Anne is fearful of attending Tougaloo, as she has heard it is mainly pale-skinned, wealthy blacks that attend there. She is surprised to learn that students of all colors get along. Upon learning that one of her roommates is secretary of the NAACP, she joins right in. She becomes so involved in rallies and activism that her grades begin to suffer. She begins working on black voter registration.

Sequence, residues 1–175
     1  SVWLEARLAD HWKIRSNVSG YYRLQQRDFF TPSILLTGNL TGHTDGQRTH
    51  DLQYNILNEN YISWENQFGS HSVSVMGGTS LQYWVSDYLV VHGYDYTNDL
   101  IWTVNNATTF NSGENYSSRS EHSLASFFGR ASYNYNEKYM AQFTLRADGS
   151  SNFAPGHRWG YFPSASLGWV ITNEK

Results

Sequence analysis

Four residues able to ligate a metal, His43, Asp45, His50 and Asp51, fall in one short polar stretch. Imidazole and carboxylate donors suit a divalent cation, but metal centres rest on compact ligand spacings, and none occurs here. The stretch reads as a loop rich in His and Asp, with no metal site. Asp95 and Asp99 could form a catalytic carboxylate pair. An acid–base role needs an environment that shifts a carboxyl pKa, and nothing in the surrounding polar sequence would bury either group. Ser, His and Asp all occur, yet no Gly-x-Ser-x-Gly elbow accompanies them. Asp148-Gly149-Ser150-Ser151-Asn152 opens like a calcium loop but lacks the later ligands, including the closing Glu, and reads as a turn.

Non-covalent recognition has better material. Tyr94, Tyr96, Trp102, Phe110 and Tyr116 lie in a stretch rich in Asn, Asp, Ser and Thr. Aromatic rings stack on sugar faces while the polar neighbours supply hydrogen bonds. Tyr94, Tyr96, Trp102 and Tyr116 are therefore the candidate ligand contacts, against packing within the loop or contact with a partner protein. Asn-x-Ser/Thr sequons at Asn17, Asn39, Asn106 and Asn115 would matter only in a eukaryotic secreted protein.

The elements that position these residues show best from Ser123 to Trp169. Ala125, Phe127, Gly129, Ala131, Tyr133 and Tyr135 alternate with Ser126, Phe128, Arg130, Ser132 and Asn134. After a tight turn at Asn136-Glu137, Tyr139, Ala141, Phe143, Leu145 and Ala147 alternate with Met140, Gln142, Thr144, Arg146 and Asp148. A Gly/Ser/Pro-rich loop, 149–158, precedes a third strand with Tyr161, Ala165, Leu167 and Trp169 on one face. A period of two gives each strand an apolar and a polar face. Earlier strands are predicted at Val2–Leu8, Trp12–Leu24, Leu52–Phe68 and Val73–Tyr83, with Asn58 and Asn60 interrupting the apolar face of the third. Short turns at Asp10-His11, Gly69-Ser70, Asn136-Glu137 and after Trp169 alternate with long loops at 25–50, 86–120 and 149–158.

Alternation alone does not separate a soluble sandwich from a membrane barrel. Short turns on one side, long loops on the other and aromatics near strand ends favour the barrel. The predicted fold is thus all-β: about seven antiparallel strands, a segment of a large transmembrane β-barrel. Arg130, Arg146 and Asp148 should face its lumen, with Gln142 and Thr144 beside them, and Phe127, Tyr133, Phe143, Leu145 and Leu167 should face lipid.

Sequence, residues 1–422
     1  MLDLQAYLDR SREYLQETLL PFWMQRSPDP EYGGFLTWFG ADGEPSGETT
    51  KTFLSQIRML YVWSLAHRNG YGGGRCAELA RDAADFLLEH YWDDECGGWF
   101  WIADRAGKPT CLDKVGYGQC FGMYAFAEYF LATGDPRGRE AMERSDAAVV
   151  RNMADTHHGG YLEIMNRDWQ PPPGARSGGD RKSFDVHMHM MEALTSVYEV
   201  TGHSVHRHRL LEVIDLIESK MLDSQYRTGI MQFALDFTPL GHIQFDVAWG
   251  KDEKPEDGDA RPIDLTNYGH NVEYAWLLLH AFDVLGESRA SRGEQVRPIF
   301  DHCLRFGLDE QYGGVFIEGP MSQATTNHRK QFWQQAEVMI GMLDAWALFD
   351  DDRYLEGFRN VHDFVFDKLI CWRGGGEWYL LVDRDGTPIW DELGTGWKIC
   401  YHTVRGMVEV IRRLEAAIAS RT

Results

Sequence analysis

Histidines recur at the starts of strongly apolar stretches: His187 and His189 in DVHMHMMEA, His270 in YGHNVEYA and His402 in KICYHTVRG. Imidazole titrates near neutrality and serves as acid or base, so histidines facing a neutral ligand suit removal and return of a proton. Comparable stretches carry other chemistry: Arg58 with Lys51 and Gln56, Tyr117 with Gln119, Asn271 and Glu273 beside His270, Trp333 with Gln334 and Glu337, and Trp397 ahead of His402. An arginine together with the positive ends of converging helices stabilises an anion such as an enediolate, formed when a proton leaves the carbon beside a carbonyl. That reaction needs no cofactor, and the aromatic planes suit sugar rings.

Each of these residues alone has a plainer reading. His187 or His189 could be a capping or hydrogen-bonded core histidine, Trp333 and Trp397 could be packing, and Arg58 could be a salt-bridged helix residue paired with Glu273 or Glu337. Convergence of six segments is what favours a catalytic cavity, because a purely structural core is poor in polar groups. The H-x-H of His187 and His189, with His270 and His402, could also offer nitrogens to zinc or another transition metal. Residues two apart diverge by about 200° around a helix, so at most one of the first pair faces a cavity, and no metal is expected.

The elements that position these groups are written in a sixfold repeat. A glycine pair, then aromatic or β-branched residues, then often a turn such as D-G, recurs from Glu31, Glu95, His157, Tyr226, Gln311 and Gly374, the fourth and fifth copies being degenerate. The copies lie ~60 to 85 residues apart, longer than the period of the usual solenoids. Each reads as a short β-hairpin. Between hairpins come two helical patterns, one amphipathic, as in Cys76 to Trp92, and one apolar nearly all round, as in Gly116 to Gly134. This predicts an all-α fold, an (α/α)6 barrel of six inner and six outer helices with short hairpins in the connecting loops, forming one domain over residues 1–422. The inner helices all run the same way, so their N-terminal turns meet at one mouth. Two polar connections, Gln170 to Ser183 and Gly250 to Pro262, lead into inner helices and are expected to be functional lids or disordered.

During her senior year at Tougaloo, Anne receives a letter from her mother, discouraging her involvement in the participation of civil rights activities and states that she won’t be able to return home if she keeps it up. ‘‘Why was I trying to get myself killed? [Momma] kept asking. What was I trying to prove?’’ Moody reports that her mother pointed out the uselessness of trying to change racial givens in the South: ‘‘Over and over again she said that after I was dead things would still be the same as they were now.’’ Her mother’s request only serves to fuel her fire and make her fight harder. During her last week of school for the year, she participates in a Woolworth’s sit-in that is timed to coincide with a demonstration. The sit-in grows violent and Anne and fellow participants are verbally and physically abused. Anne realized that she was going against her mother’s wishes and began to understand that she would need to distance herself from her family, for their safety.